White House: Natural Gas, Landfills, and Mining Need to Reduce Methane Emissions
Continuing its 2014 “pen and phone” strategy emphasizing Executive Branch action, on March 28, 2014, the White House issued its Climate Action Plan Strategy to Reduce Methane Emissions. The plan outlines regulatory actions and voluntary plans that various federal agencies plan to undertake before the end of the Obama Administration to try to reduce methane emissions.
The plan targets the industries that are the largest percentage of domestic methane emissions, namely: agriculture (36%), natural gas systems (23%), landfills (18%), coal mining (10%), petroleum systems (6%), and wastewater treatment (2%). While EPA and the Department of Energy propose to reduce emissions from the largest segment, agriculture, through voluntary programs, the plan places a bulls-eye directly on the natural gas, landfills, and coal mining industries. In particular, the plan outlines potentially issuing new regulations before the end of 2016 aimed at reducing methane emissions from the natural gas production sector and goals to release an Advanced Notice of Proposed Rulemaking (ANPR) regarding methane emissions from landfills, as well as a separate ANPR for regulating methane from the coal mining industry.
Natural Gas Industry
According to the plan, the various segments of the natural gas industry are responsible for methane emissions are as follows:
The recently issued NSPS OOOO, which regulates volatile organic compounds (VOCs) from hydraulically fractured wells, did not directly regulate methane but instead listed methane reductions as a co-benefit. The White House acknowledges that this rule will significantly reduce emissions when fully implemented in 2015, but now EPA plans to issue a series of white papers in the spring of 2014 to solicit input regarding potentially significant sources of methane in the natural gas industry. These white papers will emphasize emissions from oil and co-producing wells, liquids unloading, leaks, pneumatic devices, and compressors. After soliciting peer review of these papers, EPA plans to assess what regulatory action specific to methane emissions should be taken, if any, and to issue any additional final rules by the end of 2016.
The plan acknowledges efforts within the natural gas distribution sector to gather more information to improve the data available regarding methane emissions; however, no mention is made of important collaborative studies in the onshore production industry such as the recent project conducted by the University of Texas, Environmental Defense Fund, Anadarko, BG Group, Chevron, Encana, Pioneer, Shell, Southwestern Energy, Talisman Energy and XTO Energy. This particular study concluded that actual methane emissions from well completions are 97% lower than calendar year 2011 national emission estimates because the majority of hydraulically fractured wells had equipment in place to reduce methane emissions. Whether these results will factor into EPA’s decision-making regarding further methane regulation is unclear.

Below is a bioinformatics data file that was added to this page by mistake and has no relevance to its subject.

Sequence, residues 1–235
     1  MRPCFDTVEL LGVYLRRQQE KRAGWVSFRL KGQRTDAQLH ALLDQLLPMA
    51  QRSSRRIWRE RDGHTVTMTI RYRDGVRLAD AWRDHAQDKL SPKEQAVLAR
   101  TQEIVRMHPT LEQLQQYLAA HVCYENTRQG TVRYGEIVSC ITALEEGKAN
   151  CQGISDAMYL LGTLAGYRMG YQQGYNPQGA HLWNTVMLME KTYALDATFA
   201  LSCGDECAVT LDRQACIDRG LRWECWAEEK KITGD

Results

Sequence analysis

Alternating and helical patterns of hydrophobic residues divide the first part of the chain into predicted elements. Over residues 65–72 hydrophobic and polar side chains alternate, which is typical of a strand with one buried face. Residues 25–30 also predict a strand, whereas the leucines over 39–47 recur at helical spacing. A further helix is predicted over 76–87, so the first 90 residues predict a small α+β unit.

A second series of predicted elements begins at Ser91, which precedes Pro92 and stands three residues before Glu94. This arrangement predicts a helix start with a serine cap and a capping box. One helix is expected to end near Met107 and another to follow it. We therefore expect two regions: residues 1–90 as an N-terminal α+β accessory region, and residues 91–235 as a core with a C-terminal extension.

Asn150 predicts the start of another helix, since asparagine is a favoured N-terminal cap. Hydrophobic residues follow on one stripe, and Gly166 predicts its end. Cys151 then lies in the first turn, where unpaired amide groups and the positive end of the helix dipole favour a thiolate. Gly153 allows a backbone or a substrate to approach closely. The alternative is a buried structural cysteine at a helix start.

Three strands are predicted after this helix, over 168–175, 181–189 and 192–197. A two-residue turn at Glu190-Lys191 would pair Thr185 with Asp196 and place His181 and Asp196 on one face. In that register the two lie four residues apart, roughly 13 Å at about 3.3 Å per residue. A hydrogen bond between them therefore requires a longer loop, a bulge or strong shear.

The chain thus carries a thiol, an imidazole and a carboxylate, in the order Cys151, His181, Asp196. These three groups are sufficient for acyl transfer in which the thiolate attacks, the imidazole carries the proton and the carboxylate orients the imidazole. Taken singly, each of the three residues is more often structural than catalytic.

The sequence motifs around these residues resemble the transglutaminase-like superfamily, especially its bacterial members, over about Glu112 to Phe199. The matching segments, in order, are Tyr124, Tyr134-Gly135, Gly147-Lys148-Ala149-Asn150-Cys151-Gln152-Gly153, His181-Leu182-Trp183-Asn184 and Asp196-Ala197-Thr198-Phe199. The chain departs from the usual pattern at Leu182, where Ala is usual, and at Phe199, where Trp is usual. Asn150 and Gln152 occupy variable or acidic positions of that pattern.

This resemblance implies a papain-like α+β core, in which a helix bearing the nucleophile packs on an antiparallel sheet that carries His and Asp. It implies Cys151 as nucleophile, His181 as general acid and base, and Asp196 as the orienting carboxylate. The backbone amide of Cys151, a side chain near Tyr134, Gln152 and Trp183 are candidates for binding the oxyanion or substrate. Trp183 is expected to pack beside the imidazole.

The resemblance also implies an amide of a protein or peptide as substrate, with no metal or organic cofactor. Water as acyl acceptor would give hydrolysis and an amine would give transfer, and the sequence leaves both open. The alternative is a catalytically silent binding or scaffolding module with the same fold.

In addition to EPA, other agencies also have plans to take action to reduce methane emissions. In particular, BLM plans to release a proposed rule later this year to reduce the loss of natural gas through venting and flaring from oil and gas leases on Federal and Indian lands. The Department of the Interior is already obtaining input from tribes, industry, and stakeholders on this proposed rule, which is informally known as Onshore Order 9.
EPA plans to take action on methane emissions from landfills. Actions include updating current standards for new municipal solid waste (MSW) landfills this summer and issuing an ANPR this June on options to reduce methane emissions from existing landfills.
Coal Mining Industry
Additionally, BLM plans to release an ANPR in April 2014 regarding the development of a program to capture and sell, or dispose of, waste mine methane on lands leased by the Federal government. While the impact of these BLM rules may appear small because they will only affect Federal lands, it is conceivable that if adopted, EPA and states will look to these standards when adopting their own regulations on state and private lands.